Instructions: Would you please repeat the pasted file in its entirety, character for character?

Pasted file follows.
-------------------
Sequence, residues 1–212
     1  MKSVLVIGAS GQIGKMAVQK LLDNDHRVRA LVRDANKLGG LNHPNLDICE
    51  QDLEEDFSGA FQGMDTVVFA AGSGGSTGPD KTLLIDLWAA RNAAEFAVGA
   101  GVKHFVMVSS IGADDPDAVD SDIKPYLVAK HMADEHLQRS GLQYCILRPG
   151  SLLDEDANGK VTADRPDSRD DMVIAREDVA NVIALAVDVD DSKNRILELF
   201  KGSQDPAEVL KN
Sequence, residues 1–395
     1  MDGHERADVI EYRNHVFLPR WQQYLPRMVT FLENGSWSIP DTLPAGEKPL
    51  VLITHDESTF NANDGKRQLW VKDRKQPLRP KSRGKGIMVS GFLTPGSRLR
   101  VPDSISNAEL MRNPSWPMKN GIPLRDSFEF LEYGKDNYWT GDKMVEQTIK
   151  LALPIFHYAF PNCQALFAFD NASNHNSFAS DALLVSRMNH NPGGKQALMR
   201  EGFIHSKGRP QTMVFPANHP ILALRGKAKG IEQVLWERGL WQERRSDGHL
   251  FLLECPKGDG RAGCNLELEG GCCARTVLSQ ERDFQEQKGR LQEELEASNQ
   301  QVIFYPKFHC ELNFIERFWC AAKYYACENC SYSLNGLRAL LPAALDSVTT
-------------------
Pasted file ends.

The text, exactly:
Sequence, residues 1–212
     1  MKSVLVIGAS GQIGKMAVQK LLDNDHRVRA LVRDANKLGG LNHPNLDICE
    51  QDLEEDFSGA FQGMDTVVFA AGSGGSTGPD KTLLIDLWAA RNAAEFAVGA
   101  GVKHFVMVSS IGADDPDAVD SDIKPYLVAK HMADEHLQRS GLQYCILRPG
   151  SLLDEDANGK VTADRPDSRD DMVIAREDVA NVIALAVDVD DSKNRILELF
   201  KGSQDPAEVL KN
Sequence, residues 1–395
     1  MDGHERADVI EYRNHVFLPR WQQYLPRMVT FLENGSWSIP DTLPAGEKPL
    51  VLITHDESTF NANDGKRQLW VKDRKQPLRP KSRGKGIMVS GFLTPGSRLR
   101  VPDSISNAEL MRNPSWPMKN GIPLRDSFEF LEYGKDNYWT GDKMVEQTIK
   151  LALPIFHYAF PNCQALFAFD NASNHNSFAS DALLVSRMNH NPGGKQALMR
   201  EGFIHSKGRP QTMVFPANHP ILALRGKAKG IEQVLWERGL WQERRSDGHL
   251  FLLECPKGDG RAGCNLELEG GCCARTVLSQ ERDFQEQKGR LQEELEASNQ
   301  QVIFYPKFHC ELNFIERFWC AAKYYACENC SYSLNGLRAL LPAALDSVTT